Despite some devoted voices on the Oscar-web doing terrific reporting this year to shed a light on these and other less conspicuous injustices, the public's wrath as clearly been reserved for the celebrity categories, and the Academy responded in turn with a show whose comedic direction bore an equally narrow view of “diversity”. It's embedded right there in the first 30 seconds of Chris Rock's painfully hilarious opening monologue, in which he cites the controversy of the year as, “no black nominees”.

No black nominees (and by "nominees", he specifically means actors).

Whether a calculated angle to appeal to a larger demographic or merely insensitive to other minorities, that's a dangerously limited criteria for diversity, and the theme seemed to play on loop all night long.

Are we to expect a season of outrage every year there doesn't happen to be a black acting nominee? After these last two, I don't think I can do another one.

(Top five highlights of the season still to come...)

1 comment:

  1. I'm sorry, but I just don't see why you have such a fuss over The Big Short. Even if it may not have been your favorite adapted script of 2015, that doesn't mean that it should be considered a terrible film. None of the Best Picture nominees, for example, fall outside of my top 30 films of 2015. There's this sad mindset with Oscar nominees, in that if I don't like one more than the other, that does not guarantee that the "lesser" films suck. That treatment was given especially to more divisive films like The Revenant and The Big Short, which I found to be quite unfair.

    With regards to the other adapted screenplays...Steve Jobs was by far my favorite screenplay of the 2015. Its Oscar snub is a damn shame, but hey, the Academy likes what they like and I accept that I have no control over that. At least it has its Golden Globe win.

    The Big Short, then, becomes my favorite nominee of that category by default. The more I watched it, the more I came to love its manners of making the audience pay attention to what happens because that's the big bombshell reveal by the end.
    "Writing circles around this script"? "Misguided gimmickry"? Okay...Well it still won and deservedly so. Some can continue to complain and what not, but given how inevitable both its win and Spotlight's win was...would it help?

    Carol was always going to be a film that relied more on its execution than on its story, which comes off to me as an almost cold, pulpy-like melodrama. The beautiful sensuality captured in the film is on Todd Haynes, Ed Lachman, Carter Burwell, the other craft players, and the actresses. I just don't see how it's a masterwork of screenwriting at all, despite the strength of all the other crafts. And I don't mind at all that Carol didn't make the Best Picture list. The Academy likes what it likes and it got a nice handful of other nominations in categories where it certainly deserved them.'s good, but it's actually the Best Picture nominee that's beginning to pale the most in my mind. Outside of Ronan, Walters, Gleeson, and Cohen, the film is much simpler. It's as much of a throwback as Carol, but I like Brooklyn more because of its relatability. We've all been Ronan's character. Still, not exactly a masterwork of screenwriting. It just lets simplicity develop in an organic manner.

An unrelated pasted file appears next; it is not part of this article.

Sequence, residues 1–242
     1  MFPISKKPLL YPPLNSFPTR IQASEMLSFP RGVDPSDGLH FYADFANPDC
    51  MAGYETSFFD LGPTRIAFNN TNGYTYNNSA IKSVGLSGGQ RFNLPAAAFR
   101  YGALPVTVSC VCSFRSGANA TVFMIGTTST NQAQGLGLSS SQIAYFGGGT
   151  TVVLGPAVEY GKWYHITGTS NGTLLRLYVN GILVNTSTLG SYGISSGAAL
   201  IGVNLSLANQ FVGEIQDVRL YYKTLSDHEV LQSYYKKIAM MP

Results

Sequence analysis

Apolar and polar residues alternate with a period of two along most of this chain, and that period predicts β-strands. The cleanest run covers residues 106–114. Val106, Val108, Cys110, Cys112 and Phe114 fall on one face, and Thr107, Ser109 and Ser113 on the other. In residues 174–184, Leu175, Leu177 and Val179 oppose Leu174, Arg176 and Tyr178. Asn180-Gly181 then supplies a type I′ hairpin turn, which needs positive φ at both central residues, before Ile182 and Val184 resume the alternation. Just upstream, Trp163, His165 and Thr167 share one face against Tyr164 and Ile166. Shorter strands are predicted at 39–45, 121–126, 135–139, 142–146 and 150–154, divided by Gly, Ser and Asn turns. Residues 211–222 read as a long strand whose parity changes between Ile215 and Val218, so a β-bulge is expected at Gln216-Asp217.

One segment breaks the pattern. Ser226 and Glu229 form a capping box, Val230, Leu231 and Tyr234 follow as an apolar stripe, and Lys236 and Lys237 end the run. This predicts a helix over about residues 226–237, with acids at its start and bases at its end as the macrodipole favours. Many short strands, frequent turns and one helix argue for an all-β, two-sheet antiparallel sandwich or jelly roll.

Room...probably my 3rd or 4th favorite of the nominees, but I often wonder if the script is lacking in substance in the second half. The acting and directing make the film and the story pop.

    The Martian...a great script if you can get away from your main character and not lose the gravity of his situation. Still, if it wasn't a box office smash, I doubt the film might've made any headway at the Oscars otherwise, sensing that it wouldn't've received Editing and Directing nominations anyway.

    And 45 Years (which was just okay, elevated a bit by the two leads) and Mr. Holmes (which I loved, and then McKellen's performance elevated that more)...I'd nominate the latter, but either one would be no better than 4th best of a category.

    When it comes to all those films vs. The Martian vs. The Big Short vs. Steve Jobs, I see the dynamic as a matter of (Not really that much) vs. Unexpected Blockbuster vs. So much/In your face vs. So much/In your face/innovative.

    In the end, Steve Jobs was my favorite adapted script/script in general of 2015, while The Big Short was my 2nd favorite adapted script. I never saw either one as misguided. Their "gimmicks" in your eyes are curious innovations in my eyes. The more I ponder their innovations, the more I love the films. And to be honest, it's just too much to spend time hating the other films when they also have their merits.